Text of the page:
I just wanted to report a minor error I have spotted in one of the Unit Tests, which have little chance to show up, but I hope to help by flagging it anyways.
I’m referring to the function ‘insert_ones_test’ and the line ‘assert arr1[segment_end_y + 51] == 0’. As the upper bound of the random range for segment_end_y is set to 1324, when the random selector picks 1324, the above line will currently throw an error, due to the list having only 1375 values.
An if statement checking if segment_end_y < 1324 should do the job.
Thanks for your report, I’ll submit a support ticket.
Ok, I finally (after 4 years) got to that assignment just now. I would say that the problem with the unit tests there is way more extensive than that. They specifically say in the definition of the function that you have to handle the case that the segment end is less than 50 units from the end of the interval by being careful not to index off the end. But then the tests are very specifically making sure they don’t test for that behavior.
If they enhanced them to handle that case, then the more specific problem (a classic “off by one” error) that you point out would be handled as a side effect. My claim is that the tests should be expanded to cover the “running off the end” scenario, since that is part of the function definition.
Tom, since I’m “piling on” here with more requirements, I’m happy to file the enhancement request.
Actually here’s another thing I haven’t checked yet: how the grader handles this. You can pass the unit tests without handling the “off the end” issue, but does code that doesn’t handle it get full score from the grader? Stay tuned for news at 11!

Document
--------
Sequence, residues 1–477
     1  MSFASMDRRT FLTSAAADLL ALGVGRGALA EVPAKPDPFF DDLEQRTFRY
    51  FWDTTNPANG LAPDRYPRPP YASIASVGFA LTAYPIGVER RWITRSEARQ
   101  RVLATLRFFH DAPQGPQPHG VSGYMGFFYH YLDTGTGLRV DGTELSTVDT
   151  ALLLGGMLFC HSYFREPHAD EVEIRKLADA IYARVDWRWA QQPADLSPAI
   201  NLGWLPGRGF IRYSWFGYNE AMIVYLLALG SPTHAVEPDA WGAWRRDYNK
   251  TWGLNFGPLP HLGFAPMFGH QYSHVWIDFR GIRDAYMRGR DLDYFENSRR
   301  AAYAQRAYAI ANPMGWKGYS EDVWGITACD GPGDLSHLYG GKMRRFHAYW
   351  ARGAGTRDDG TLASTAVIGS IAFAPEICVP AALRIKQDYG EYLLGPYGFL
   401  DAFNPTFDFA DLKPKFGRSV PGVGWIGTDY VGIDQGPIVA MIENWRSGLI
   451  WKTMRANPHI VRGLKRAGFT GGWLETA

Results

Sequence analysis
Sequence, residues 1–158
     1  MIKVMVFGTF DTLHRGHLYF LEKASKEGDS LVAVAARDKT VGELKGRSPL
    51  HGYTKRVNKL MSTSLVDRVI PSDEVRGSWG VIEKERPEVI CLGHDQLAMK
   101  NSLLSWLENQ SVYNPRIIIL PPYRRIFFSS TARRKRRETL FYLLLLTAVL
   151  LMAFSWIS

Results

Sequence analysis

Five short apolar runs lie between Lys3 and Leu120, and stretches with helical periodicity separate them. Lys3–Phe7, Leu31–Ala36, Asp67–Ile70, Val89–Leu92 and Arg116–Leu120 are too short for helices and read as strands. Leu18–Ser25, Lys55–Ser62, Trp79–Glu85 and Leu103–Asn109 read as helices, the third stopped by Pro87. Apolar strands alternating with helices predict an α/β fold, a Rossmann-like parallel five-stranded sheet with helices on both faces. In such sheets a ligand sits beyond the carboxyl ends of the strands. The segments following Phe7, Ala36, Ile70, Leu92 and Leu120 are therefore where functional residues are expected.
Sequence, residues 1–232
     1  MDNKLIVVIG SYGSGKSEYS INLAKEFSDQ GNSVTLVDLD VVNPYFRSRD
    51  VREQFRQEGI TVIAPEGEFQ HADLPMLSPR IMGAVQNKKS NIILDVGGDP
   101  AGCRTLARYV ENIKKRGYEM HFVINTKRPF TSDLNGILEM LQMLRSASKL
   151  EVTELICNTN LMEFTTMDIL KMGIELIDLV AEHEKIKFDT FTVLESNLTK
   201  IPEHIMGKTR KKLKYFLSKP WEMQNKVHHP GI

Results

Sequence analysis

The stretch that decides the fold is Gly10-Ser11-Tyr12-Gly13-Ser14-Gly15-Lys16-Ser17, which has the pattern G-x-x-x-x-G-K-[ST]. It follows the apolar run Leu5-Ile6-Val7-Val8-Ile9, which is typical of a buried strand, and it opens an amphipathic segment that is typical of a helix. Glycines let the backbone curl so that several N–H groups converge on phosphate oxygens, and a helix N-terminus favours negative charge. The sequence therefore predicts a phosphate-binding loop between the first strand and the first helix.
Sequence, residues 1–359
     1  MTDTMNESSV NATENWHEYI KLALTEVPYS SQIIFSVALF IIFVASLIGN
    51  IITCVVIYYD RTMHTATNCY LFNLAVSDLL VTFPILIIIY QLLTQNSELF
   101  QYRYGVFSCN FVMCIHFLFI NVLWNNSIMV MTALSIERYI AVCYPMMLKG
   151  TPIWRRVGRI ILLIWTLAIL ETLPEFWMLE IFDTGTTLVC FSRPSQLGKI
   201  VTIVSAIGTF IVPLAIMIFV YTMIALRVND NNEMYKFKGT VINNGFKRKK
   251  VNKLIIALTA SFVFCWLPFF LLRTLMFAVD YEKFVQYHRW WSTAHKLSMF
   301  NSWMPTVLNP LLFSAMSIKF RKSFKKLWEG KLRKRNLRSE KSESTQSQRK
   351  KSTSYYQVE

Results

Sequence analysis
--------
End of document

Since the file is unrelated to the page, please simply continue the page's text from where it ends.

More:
Ok, there’s more sketchy stuff here. The way they have us write
insert_audio_clip, it actually modifies the global variable that is passed in as the
previous_segments argument. I added the logic to do the append after the call to
create_training_example, but I ended up with twice as many entries as expected. The grader did not care, though.
So maybe I’m just being a little too puritanical here, but this feels kind of unclean. At the very least, they should call it out. The docstring says there is only one return value from
insert_audio_clip. That’s true in a literal sense, but the function has a side effect.
Using global variables, and modifying them without documentation, are both poor practices.
I think your assessment likely explains some history of unexplained behavior.
It would be great if you proceed with filing a ticket for this set of issues. I have not started one yet (I was saving it as a holiday treat ).
Sure, I’ll formulate the github request. I’m making my list and checking it twice! Haven’t gotten to testing how
insert_ones grading reacts to not handling “off the end” issues.
I must say that the W3 assignments have reached an extremely elevated level of hand-holding. This assignment in particular felt more like transcription than programming: they did everything but actually type out the final code for you. I’m especially curious to see what happens when I finally get to Week 4, because there have been lots of complaints about that material not doing a sufficient level of hand-holding. I guess we are showing our true colors here: working Week 4 was going to be my Holiday Treat! Need a “nerd Santa” emoji!
From the student level, Week 4 is very heavy snow.
Sorry to be slow getting the github request filed, but I did finally confirm that as expected, the grader will pass your
insert_ones function even if you write it to specifically not do anything in the case that you hit the end. Meaning literally not add any ones at all in that case. They do have a visual example showing the off the end behavior in the notebook, so you don’t get a picture like the “Expected Value” as shown, but your code will pass everything.